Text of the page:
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The Collegian

The Student News Site of Tarrant County College

The Collegian

The Student News Site of Tarrant County College

The Collegian

Editorial: America proved once again, it’s not prepared

Illustration+by+Amber+Davis%2FThe+Collegian
Illustration by Amber Davis/The Collegian
Illustration by Amber Davis/The Collegian
Illustration by Amber Davis/The Collegian

Walking into a grocery store nowadays paints a frightening image of empty shelves gathering dust from the lack of product sitting atop it. 

The supply chain shortage has impacted electronics, food and many other items people are used to simply walking into a store and grabbing. But, even when an item is in stock, it doesn’t help that sometimes its price has gone up because of inflation. 

For almost the past two years, COVID’s wake has brought with it many tides that have drowned America. When it seems the water is subsiding, there is always something new that slaps everyone in the face. Out of all the major events to happen since 2020, this one seems to have been one the U.S. should’ve been more prepared for. 

A factor that contributes to the shortage is workers. There is a lack of truck drivers because of multiple factors, with the primary one being work conditions. Some drivers spend weeks on the road, away from family and friends. It’s a difficult career to manage, and the pay doesn’t help. Seemingly, one major solution could be to pay truckers more, no? In a report done by the senior writer for CNN Business Chris Isidore, he wrote that pay hikes are causing the opposite effect employers anticipated. Since drivers are getting paid more, they don’t have to be on the road as much, so they tend to stay home longer instead of doing shipment after shipment. 

Reports such as this are all over media outlets. There is a gigantic human factor to these shortages that many seem to forget. Supplies don’t drive nor deliver themselves. At least not yet. It’s not just truckers, too. Warehouse employees have been treated with a similar disregard. Remember last year when they were touted as essential employees? The word “essential” was actually used in place of “sacrificial” because it sounds better. 

America was unprepared for everything that went down. 

Initially, there was a lack of demand for masks because, at the start of the pandemic, the Centers for Disease Control and Prevention didn’t stress its importance too much. Similarly, former President Donald Trump also downplayed the impact COVID would have on the U.S. So when everything went to hell, masks were demanded like crazy at a rate that the supply chain still doesn’t seem to have caught up to. Finding a functional mask in a store is like looking for a pot of gold at the end of a rainbow. The Biden administration has taken slight action by giving away 400 million free N95 masks and four at-home test kits. Only took about two years.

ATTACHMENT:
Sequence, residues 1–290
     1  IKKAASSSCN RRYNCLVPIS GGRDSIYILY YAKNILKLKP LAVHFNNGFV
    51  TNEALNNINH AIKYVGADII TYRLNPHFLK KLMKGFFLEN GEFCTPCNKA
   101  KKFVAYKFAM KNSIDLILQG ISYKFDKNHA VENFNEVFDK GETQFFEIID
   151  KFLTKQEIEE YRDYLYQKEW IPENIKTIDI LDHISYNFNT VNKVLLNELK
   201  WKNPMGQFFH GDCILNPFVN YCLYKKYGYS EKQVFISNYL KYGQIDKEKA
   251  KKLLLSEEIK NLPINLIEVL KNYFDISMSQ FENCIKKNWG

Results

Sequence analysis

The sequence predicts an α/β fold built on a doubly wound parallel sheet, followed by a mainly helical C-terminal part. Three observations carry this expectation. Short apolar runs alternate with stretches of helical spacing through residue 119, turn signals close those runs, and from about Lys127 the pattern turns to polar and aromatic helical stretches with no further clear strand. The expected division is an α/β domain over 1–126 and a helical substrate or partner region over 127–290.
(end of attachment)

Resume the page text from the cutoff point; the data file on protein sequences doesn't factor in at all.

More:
It’s best not to look to the future and hope things will get better because experts have predicted the shortage is going to stay for a while like a pestering fly near earlobes. On the electronic end of things, it doesn’t seem like things will be fully in stock until 2023 or 2024. Going without a smart fridge is fine, but those same chips go into medical devices, which are also experiencing shortages. 

Hospitals have been facing staff shortages and full-capacity issues for a minute now. Adding a lack of medical supplies to that stressor is going to lead to even more medical professionals leaving their jobs. On the U.S. Food and Drug Administration’s website, there is a full list of medical devices that are short. It’s a pretty horrifying list to look at. Personal protective equipment, test kits and ventilators are just a few on this long list. 

People really needed the government to step up, but it spat in everyone’s face. Protecting others became a partisan issue, and now look at where America stands in the world. No universal healthcare, no free college and low on supplies. What a joke. 

Throughout the entirety of the pandemic, the CDC and presidential administrations have done more harm than good with their policies. Each time a good decision is made, there is always one shortly after that halts any accrued momentum. 

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